Covering a modest 11 tracks clocked in at just more than 22 minutes, Vancouver, British Columbia-based Baby Control’s debut Best War is undoubtedly one of the most honest attempts in recent memory to reclaim the foregone grunge years and brevity of ferocious garage punk. Blatantly acknowledging their Nirvana fandom, this Canadian quartet proudly retain their lo-fi, low-budget approach, which recalls the grit and unabashed flaw of their Seattle idols, especially the early Bleach years with a surprisingly apt cover of “Negative Creep” on their MySpace page.
Not to say the toss-off manner in which they pulled together Best War—recorded in but two days in their “practice space,” lead singer Zoe Verchuylen’s and drummer Chris Vanderlaan’s home basement—merits them any blossoming icon status. But with such a stripped presentation, full of hollowed drum rolls, overloud rattling guitars and haphazardly recorded talk-back, it would be very hard for any small band to match their crude energy.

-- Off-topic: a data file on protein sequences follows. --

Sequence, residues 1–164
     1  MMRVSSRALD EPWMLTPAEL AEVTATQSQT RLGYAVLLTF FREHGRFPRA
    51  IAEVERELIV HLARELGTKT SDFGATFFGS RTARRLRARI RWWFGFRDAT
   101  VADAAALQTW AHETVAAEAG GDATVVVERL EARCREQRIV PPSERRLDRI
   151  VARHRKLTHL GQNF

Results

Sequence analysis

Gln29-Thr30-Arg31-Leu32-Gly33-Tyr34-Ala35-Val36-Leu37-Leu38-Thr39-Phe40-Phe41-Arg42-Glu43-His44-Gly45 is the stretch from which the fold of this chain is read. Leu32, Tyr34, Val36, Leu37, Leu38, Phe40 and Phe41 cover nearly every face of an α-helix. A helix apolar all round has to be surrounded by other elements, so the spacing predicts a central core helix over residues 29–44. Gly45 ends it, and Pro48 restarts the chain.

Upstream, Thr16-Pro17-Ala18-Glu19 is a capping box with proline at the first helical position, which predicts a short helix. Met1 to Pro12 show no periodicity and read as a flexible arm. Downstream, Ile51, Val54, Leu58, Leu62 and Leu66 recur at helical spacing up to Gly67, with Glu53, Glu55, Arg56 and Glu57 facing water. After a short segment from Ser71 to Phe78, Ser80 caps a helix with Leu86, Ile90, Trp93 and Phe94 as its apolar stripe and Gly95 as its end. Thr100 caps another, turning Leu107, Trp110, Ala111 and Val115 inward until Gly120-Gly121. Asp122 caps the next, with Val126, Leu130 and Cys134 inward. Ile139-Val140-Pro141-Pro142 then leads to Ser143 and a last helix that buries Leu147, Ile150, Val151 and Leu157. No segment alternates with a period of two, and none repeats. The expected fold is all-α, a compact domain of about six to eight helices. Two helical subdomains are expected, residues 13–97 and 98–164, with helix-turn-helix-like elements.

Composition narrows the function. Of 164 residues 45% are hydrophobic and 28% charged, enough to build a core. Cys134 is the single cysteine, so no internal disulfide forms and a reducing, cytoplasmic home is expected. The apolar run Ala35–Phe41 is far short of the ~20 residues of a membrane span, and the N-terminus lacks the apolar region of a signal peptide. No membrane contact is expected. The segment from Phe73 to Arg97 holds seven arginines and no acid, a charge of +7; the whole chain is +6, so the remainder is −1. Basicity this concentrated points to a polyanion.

Even while maneuvering through such a short set, though, the interest kindled by its stand-out title track and “Papa Bear,” a head-humming peak for the album that closes on a “Smells Like Teen Spirit” tribute, significant patches become oddly redundant. For a band that should pride itself on complete lack of pretension, Verchuylen’s lyrics—not that they matter much, since few words can be deciphered above the group’s insistent din—come off, at times, as mere high school diary tripe about boys and crying.
Still, for most of the self-assured indie elite that crowds out tender shoots like Baby Control, Best War is a welcome relief that asks for little more than a brick basement, free beer for the band and a quick listen. The album itself even ends uneventfully with some gentle applause from band members and no overdrawn, dramatic fade. Sure, we music junkies love our heady, all-time favorite bands, but there’s something incredibly refreshing about just listening to your friends fuck around, loud and clenched.
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